Filling Rotted Trim with Two-Part Epoxy
Durable and flexible epoxy is the best way to restore crumbling woodwork
Rot happens, even to the best of houses. All it takes is wood, water, and warmth, and before you know it solid lumber turns to mush. Exterior trim is the most vulnerable to attack by rot fungi, and it doesn't have to be very old; the trim shown here was installed only 10 years ago.
Fortunately, rotted trim is generally easy to repair. (Rot-infested framing or mudsills pose a much bigger problem.) But before you can fix it, you have to find it. Check out the horizontal areas that don't drain well and places where the paint is cracked, peeling, or blistering or the wood is darker. If your screwdriver pushes deeply into a suspect board, it's time to root out the rot. Pay particular attention to joints, which dry slowly, and to all wood that's close to dirt, concrete, or masonry.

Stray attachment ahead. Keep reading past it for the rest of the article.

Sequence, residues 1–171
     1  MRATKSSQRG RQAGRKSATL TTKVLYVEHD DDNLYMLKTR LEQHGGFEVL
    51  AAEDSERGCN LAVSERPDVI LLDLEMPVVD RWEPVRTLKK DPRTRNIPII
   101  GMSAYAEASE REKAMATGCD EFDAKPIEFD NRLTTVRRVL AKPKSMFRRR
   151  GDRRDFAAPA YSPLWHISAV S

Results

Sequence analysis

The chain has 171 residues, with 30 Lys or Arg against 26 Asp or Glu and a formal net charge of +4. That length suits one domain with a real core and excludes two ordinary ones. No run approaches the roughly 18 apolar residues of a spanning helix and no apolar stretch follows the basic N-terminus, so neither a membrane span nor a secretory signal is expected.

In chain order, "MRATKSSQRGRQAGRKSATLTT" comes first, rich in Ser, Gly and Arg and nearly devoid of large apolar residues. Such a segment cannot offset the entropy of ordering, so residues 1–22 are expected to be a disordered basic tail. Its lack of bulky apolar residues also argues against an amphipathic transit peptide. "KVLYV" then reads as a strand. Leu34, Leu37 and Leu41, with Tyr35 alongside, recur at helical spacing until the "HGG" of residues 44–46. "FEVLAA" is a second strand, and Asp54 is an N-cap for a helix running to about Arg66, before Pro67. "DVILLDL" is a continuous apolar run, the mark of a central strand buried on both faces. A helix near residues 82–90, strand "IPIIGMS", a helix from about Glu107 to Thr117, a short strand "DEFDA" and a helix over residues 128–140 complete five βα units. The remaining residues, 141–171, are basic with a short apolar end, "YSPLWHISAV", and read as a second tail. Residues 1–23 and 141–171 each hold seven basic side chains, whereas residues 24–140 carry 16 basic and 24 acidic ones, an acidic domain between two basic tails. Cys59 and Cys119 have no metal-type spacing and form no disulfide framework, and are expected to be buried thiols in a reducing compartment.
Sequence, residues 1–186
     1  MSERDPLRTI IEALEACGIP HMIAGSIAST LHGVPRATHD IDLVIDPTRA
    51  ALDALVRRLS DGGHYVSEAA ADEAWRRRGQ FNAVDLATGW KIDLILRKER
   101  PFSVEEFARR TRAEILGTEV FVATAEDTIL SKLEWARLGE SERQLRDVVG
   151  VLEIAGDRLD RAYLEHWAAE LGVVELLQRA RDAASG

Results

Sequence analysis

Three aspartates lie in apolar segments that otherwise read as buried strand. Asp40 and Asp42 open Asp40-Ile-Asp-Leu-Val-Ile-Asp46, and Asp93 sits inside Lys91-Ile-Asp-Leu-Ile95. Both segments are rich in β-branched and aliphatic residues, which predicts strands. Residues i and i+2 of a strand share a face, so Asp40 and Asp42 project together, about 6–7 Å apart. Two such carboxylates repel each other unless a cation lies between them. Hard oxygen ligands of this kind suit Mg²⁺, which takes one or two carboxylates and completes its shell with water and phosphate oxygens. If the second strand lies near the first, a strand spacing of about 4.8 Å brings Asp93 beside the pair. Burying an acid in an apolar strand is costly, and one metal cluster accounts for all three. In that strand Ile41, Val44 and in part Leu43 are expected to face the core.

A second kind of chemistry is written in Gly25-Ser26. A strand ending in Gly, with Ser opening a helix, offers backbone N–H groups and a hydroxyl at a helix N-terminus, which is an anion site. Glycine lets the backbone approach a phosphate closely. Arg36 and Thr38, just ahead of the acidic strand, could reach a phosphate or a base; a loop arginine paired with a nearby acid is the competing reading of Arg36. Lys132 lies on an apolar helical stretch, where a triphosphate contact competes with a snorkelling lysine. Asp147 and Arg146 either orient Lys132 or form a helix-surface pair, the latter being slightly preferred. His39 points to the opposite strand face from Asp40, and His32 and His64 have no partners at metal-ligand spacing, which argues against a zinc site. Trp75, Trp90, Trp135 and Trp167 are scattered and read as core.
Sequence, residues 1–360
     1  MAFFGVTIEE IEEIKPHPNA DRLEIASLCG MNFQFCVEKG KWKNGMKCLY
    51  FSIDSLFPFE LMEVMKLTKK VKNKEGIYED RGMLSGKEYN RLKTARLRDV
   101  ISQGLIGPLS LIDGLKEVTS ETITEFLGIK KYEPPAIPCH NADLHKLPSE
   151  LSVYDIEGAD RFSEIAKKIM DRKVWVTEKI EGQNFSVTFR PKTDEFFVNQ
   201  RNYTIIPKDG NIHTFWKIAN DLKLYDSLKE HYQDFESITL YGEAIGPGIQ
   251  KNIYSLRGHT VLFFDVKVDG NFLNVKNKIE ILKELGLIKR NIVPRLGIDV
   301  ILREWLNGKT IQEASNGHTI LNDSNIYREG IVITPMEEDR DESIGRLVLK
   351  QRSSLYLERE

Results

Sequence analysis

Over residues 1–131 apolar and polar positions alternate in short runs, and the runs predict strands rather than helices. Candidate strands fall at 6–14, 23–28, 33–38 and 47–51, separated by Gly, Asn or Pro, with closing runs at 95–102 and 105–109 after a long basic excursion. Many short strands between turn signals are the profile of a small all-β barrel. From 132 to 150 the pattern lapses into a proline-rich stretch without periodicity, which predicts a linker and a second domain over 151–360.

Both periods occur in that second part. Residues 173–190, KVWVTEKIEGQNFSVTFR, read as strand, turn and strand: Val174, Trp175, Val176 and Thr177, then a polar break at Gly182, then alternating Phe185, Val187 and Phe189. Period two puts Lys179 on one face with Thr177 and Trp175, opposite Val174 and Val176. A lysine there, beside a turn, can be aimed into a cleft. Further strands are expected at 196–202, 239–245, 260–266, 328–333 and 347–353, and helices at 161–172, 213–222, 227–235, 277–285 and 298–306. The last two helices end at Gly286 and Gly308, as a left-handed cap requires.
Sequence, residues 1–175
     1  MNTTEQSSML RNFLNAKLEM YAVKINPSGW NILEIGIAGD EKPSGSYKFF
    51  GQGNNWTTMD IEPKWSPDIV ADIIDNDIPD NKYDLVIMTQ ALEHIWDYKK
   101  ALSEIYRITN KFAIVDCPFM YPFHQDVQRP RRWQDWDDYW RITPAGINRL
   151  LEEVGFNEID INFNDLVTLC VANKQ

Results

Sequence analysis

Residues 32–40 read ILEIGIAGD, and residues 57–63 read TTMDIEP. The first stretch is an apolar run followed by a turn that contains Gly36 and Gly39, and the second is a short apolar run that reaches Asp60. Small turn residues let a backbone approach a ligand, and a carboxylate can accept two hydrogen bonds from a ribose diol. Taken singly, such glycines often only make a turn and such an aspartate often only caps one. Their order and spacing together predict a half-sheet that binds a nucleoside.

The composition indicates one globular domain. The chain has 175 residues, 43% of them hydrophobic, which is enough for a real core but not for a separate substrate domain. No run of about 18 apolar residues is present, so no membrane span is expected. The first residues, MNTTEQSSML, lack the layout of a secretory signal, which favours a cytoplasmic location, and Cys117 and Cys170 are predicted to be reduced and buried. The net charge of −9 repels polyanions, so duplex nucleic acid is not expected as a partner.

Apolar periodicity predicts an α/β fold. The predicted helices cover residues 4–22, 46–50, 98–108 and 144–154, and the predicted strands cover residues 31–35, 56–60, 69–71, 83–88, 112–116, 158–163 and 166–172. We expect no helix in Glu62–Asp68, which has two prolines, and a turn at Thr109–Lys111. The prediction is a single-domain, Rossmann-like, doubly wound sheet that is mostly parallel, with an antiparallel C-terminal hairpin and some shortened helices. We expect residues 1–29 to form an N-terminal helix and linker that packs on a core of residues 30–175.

For a relatively confined area, a two-part epoxy resin is a smart option that yields a seamless repair for pros of all levels. Here, John Stahl of Advanced Repair Technology, who restored the old windows for This Old House TV projects in Milton and Salem, Massachusetts, takes us through a typical repair of a rotted window mullion.
Remove Rot-Softened Wood
After clawing out the loose stuff with a hammer, Stahl removes all the rot-softened wood with a die grinder and core-box router bit. For an epoxy repair to be effective, the freshly exposed wood has to be sound and dry—less than 18 percent moisture content. Stahl checks it with a moisture meter before proceeding.